FG Approves N186bn for Waterways Security

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Rotimi Amaechi
Minister of Transportation, Mr. Rotimi Amaechi
  •  Commences work on Lagos-Ibadan rail lines

Ugo Aliogo

The Minister of Transportation, Mr. Rotimi Amaechi, thursday said the federal government had approved N186 billion for waterways security which is in line with its resolve to assist the Nigeria Maritime Administration and Safety (NIMASA) in tackling crime along the coast.

The minister, who disclosed this in Lagos at the Institute of Directors (IoD) forum with the topic: ‘Transportation: A vehicle for Growth,’ said the approval of the fund was through due process which he noted began earl January 2016.

In another development, Amaechi disclosed that he would implore the Minister for Works, Power and Housing, Mr. Babatunde Fashola, to find out if they can plead with the Acting President, Prof. Yemi Osinbajo, as a matter of due process, to invoke the presidential powers for the repair of the Apapa road.

He also noted that the road was being delayed because the ministry that would fix it had not decided, stating it was left for the Nigeria Ports Authority (NPA) to award contract for the rehabilitation of the road.

Speaking on the federal government’s desire to improve rail transport, the minister said they have launched and commenced works on the Lagos-Ibadan rail lines which is a $1.5billion project, adding that recently the Federal Executive Council (FEC) approved the concessioning of Lagos-Kano-Karanamuda-Port- Harcourt-Maidugri rail lines.

Amaechi further stated that the federal government had also completed the Abuja-Kaduna rail line, continued the completion of the Warri-Ajaokuta gauge and rehabilitation of existing narrow gauges, so that rail development can be quantified.

He promised of government resolve to commence the efficient movement of goods by rail before the end of August, despite how slow it might be, adding that the General Electric has agreed to bring in 20 locomotives, about 200 wagons, and coaches for movement of passengers and freight.

“In the road sub-sector efforts are directed at completion of awarded projects nationwide. Government continues to conduct surveys and feasibility studies on the procurement of new infrastructure nationwide,” he noted.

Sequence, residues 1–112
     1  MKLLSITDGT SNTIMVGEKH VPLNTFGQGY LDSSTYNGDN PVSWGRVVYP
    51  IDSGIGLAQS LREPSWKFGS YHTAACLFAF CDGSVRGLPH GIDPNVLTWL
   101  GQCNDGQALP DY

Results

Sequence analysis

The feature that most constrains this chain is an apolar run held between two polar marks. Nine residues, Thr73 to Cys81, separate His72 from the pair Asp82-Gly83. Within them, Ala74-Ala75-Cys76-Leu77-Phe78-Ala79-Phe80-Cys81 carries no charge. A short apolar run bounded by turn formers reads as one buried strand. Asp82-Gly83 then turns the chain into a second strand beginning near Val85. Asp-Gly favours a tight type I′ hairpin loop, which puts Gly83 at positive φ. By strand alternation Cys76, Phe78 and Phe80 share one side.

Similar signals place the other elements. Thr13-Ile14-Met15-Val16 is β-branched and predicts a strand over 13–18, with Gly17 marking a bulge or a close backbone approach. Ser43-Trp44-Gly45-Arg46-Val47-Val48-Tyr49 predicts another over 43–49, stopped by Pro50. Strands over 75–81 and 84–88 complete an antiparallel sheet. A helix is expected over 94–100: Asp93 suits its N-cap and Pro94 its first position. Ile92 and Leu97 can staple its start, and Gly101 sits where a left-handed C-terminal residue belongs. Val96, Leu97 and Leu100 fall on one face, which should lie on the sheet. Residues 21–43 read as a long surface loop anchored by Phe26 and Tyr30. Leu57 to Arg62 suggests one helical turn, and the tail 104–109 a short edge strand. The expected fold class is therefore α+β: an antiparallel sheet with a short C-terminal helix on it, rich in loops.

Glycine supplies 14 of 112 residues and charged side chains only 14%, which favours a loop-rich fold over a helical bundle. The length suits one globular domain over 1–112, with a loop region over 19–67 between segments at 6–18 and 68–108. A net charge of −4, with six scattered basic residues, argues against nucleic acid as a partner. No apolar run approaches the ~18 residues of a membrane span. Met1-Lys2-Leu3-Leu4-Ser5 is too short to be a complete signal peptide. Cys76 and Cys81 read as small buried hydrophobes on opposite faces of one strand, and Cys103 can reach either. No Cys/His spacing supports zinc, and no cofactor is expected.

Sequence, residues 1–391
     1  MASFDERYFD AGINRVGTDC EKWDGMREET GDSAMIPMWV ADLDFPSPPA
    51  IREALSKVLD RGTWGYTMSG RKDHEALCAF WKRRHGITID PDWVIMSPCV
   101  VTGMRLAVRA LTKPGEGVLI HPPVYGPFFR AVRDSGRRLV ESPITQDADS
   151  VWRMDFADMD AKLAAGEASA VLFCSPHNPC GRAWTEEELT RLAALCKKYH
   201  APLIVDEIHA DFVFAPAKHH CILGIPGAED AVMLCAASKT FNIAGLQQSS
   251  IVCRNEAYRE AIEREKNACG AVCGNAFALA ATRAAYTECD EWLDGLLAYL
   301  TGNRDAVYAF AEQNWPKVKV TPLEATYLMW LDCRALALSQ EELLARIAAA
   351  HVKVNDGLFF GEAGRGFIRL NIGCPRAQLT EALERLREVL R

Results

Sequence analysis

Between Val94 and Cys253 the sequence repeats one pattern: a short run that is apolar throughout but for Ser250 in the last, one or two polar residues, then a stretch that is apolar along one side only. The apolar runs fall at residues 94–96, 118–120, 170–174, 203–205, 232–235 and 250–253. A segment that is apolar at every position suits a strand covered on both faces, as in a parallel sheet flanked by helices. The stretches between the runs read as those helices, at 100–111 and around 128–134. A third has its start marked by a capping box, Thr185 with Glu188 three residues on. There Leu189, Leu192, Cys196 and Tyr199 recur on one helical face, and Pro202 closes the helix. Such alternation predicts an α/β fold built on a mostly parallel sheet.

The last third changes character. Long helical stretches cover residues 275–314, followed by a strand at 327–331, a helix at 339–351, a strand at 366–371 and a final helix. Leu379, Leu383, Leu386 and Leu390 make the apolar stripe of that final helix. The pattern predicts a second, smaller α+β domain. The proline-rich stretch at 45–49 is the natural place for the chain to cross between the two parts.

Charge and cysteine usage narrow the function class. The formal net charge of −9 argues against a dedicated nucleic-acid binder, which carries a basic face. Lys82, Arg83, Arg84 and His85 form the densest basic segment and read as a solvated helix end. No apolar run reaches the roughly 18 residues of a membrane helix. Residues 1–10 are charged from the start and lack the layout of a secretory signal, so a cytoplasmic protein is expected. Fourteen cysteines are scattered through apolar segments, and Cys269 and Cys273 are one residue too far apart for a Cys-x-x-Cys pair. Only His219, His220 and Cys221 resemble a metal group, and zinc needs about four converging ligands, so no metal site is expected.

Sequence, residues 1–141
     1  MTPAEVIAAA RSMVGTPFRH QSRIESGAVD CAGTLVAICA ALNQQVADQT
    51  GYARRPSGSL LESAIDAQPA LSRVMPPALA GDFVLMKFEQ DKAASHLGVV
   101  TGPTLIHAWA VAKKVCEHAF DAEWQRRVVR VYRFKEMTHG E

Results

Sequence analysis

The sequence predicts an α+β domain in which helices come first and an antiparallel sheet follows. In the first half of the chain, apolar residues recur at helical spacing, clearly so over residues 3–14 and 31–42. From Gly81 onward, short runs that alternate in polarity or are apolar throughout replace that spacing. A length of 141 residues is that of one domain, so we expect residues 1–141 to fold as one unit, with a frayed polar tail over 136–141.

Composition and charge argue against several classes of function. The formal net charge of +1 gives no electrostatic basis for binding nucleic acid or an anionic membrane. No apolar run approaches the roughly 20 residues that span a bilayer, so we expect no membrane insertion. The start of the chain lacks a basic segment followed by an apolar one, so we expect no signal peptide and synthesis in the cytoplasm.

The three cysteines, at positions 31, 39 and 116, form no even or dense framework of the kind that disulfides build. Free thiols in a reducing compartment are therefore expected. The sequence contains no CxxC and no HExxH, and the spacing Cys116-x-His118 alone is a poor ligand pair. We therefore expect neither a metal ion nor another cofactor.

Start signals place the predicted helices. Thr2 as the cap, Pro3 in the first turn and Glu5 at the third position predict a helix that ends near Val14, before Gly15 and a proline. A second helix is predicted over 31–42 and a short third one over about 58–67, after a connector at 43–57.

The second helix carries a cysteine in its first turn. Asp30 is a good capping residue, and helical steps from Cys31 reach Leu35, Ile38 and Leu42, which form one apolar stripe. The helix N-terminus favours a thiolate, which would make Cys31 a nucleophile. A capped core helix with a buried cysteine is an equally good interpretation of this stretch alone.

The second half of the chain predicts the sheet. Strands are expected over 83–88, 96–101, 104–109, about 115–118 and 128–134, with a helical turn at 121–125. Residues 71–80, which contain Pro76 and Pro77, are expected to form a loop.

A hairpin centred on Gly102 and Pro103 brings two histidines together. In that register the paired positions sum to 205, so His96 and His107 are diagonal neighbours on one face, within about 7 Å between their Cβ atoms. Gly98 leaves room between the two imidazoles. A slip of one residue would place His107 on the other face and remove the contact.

He explained that the target of government programmes is to achieve sustainability based on three principles: rehabilitation, restoration and procurement of new platforms, noting that the principles were deployed so that the nation don’t loose what has improved and increase opportunities through procurement.

The minister remarked that in respect to rehabilitation and restoration, the administration has laid emphasis on the completion of existing and abandoned projects, repair of existing facilities in the rail, roads and aviation sectors.

He stressed that the essence of the approach is to bring infrastructure to a level that can support productivity and position it in such a manner that it can be improved upon through procurements, noting that it is also a humble approach that appreciates the efforts of past administration and the costs incurred, adding that, “the government opted to rehabilitate the Nnamdi Azikiwe International Airport, Abuja runway, instead of building a new one.”
Amaechi added: “There is truly some level of crises in the transportation sector. Evidently, the sector suffers from shortfalls in infrastructure and service delivery, unregulated service delivery especially in the road sub-sector, poor financing of infrastructure and service platforms and others challenges.

“Expectedly, government should partner with the private sector to alleviate these problems. The challenge has been the capacity of the private sector to be able to partner in this regard. The Private Sector Participation (PSP). Permit to state here that the PSP lags behind because of inadequate finance and the desire to be contractors to government.

“Aside the operations of rolling stock as service platforms, the private sector have no infrastructure plans. That is why investment in the rail and inland waterways subsector are not popular. Whenever the private sector shows interests, they want either to collect revenue or become monopolies without competitors.

“The opportunities will be high when government completes the current rehabilitation and restoration programmes that will ease operations nationwide. Our procurement packages are creating interconnectivity that will reduce the stresses of distance and facilitate trade. New programmes such as the development of more international corridors and establishment of Truck Transit Parks (TTP) and Modern Vehicle Parks (MVP) will greatly encourage more investment.”